Consumer confidence fell in March a month after hitting a three-year high as expectations about jobs and income growth worsened, according to a private sector report released on Tuesday.
The Conference Board, an industry group, said its index of consumer attitudes fell to 63.4 in March from an upwardly revised 72.0 in February.
The median of forecasts from analysts polled by Reuters was for a reading of 65.0. Forecasts ranged from 55.0 to 72.0.
Rising gasoline prices, and a range of other uncertainties are taking a toll on the consumer, said Peter Buchanan, senior economist at CIBC World Markets in Toronto.
The expectations index slipped to 81.1 from 97.5, while consumers' expectations for inflation in the coming 12 months hit the highest level since October 2008.
The present situation index rose to 36.9 from 33.8.
Consumers' labor market assessment worsened. The jobs hard to get index rose to 44.6 percent from 44.4 percent the month before, while the jobs plentiful index slipped to 4.4 percent from 4.9 percent.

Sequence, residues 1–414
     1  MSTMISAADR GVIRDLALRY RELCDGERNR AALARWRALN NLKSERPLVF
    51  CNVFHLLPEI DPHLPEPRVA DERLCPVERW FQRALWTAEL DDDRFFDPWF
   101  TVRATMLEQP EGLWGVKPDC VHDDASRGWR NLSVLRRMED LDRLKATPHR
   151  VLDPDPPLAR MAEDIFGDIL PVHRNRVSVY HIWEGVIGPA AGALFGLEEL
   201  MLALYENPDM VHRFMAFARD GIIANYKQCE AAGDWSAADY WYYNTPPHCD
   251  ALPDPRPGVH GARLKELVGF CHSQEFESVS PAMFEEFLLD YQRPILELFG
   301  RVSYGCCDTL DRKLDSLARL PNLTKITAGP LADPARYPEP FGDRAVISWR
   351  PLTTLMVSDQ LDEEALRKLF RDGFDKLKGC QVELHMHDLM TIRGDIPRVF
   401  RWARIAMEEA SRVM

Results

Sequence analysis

The cutoff date for the consumer confidence survey was March 16.
Political uncertainty in the Middle East and North Africa, which has led to a rise in oil prices, has weighed on consumers.
Confidence may have been impacted by Japan's devastating earthquake on March 11, which triggered a tsunami and nuclear crisis and roiled global markets.
Financial markets showed a muted reaction to the data, which followed a report last week showing U.S. consumer sentiment at its lowest level in more than a year as gasoline and food prices rose.
U.S. stock indexes <.DJI> <.SPX> were little changed. Treasury prices were mostly stable, while the dollar fell slightly against the euro.
Global uncertainty and rising inflation also took a toll on German consumer sentiment, which fell for the first time in 10 months going into April.
(Reporting by Wanfeng Zhou; Editing by Leslie Adler)